In order to extract the data vector from the xts object, in our case the ts_FUB_daily object, we apply the coredata() function on it.

x <- coredata(ts_FUB_daily)
head(x, 15)
##       Temp Rain
##  [1,] -3.2  2.2
##  [2,]  1.0 12.6
##  [3,]  2.8  0.5
##  [4,] -0.1  0.5
##  [5,] -2.8 10.3
##  [6,]  2.6  7.2
##  [7,]  5.7  0.4
##  [8,]  7.0  0.0
##  [9,]  5.8  3.7
## [10,] -2.4  4.5
## [11,] -7.2  0.6
## [12,]  0.6  7.1
## [13,]  2.5  0.0
## [14,]  5.4  0.0
## [15,]  5.8  3.8

To get the time index we apply the index() function on the xts object.

t <- index(ts_FUB_daily)
head(t, 15)
##  [1] "1950-01-01" "1950-01-02" "1950-01-03" "1950-01-04" "1950-01-05"
##  [6] "1950-01-06" "1950-01-07" "1950-01-08" "1950-01-09" "1950-01-10"
## [11] "1950-01-11" "1950-01-12" "1950-01-13" "1950-01-14" "1950-01-15"

#### Plotting

Now let us plot the monthly data with the plot.ts() function.

plot.ts(ts_FUB_monthly)

We could as well have used the autoplot() function from the ggfortify package (alternatively from the ggplot2 package). Let us now visualize the ts_FUB_monthly object using the autoplot() function.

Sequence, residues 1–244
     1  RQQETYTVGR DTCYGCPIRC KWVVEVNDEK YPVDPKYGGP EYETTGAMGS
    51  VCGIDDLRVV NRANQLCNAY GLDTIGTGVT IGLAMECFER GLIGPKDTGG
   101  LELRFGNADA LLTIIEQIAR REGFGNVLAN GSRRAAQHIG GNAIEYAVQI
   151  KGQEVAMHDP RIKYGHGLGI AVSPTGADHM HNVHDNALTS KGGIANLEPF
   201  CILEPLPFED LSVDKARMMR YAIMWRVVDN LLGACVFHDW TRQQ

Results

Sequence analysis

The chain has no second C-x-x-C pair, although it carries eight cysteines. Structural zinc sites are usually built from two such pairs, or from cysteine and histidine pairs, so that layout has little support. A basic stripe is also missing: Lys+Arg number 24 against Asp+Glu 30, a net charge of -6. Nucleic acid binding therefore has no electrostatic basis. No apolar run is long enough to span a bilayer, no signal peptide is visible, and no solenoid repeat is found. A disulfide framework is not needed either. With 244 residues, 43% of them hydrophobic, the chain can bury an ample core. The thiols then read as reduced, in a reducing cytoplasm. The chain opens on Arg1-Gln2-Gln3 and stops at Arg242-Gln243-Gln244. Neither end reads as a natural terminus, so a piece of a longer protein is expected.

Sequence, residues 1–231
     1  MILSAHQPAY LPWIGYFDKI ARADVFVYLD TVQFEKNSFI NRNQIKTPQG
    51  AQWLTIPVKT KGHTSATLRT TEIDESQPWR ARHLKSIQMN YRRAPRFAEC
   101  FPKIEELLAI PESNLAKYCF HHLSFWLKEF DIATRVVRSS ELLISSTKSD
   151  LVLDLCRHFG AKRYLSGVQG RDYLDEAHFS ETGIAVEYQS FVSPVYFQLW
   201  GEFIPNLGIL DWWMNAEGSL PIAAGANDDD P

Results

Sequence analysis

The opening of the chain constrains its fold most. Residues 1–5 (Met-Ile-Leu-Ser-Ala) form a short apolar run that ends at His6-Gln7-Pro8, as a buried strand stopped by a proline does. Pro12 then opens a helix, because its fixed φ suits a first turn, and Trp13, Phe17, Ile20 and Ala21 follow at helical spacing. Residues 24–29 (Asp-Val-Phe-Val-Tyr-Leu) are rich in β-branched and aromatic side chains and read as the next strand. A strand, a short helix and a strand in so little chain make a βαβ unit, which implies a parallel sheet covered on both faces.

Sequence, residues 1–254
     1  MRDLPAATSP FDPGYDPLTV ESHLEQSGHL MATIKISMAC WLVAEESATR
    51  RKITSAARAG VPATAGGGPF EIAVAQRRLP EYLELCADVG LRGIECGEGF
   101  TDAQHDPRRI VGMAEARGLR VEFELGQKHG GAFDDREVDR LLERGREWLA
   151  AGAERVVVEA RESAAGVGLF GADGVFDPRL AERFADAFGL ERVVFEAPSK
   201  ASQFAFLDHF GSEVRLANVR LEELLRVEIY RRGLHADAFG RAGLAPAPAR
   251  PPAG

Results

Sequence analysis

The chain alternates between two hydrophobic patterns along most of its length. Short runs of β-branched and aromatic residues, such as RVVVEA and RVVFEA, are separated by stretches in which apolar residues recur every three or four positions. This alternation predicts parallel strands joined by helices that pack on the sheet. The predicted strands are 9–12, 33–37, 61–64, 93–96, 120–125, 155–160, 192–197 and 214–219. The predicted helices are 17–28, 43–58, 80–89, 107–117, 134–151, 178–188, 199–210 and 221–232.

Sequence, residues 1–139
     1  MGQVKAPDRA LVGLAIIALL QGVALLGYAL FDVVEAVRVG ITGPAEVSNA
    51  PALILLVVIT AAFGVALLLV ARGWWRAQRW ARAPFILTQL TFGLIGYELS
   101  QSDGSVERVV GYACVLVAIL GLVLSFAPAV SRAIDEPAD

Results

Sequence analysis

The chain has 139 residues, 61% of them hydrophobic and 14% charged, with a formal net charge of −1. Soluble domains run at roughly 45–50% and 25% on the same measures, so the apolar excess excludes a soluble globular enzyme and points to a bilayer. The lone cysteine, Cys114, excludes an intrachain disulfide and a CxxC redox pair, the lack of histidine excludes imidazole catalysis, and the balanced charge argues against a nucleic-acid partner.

library(ggfortify)
autoplot(ts_FUB_monthly)

Exercise: Plot the daily and hourly data sets using the autoplot() function

## Your code here...
Show code
autoplot(ts_FUB_daily)

## Your code here...
Show code
autoplot(ts_FUB_hourly)

The xts object ts_FUB_daily stores two time series: one for temperatures (Temp) and one for rainfall (Rain). The autoplot() function can deal with more than one time series stored in an xts object and, by default, plots all variables in the data set in one graph.

##### The ts class

For the sake of this tutorial we transform the monthly data set (ts_FUB_monthly) into a ts object. The ts object class is less flexible compared to the zoo or xts object classes, however, this object class is widely used and thus, we believe it is important to know how to interact with that particular object class. Therefore, we apply the ts() function, which converts a vector into a time series.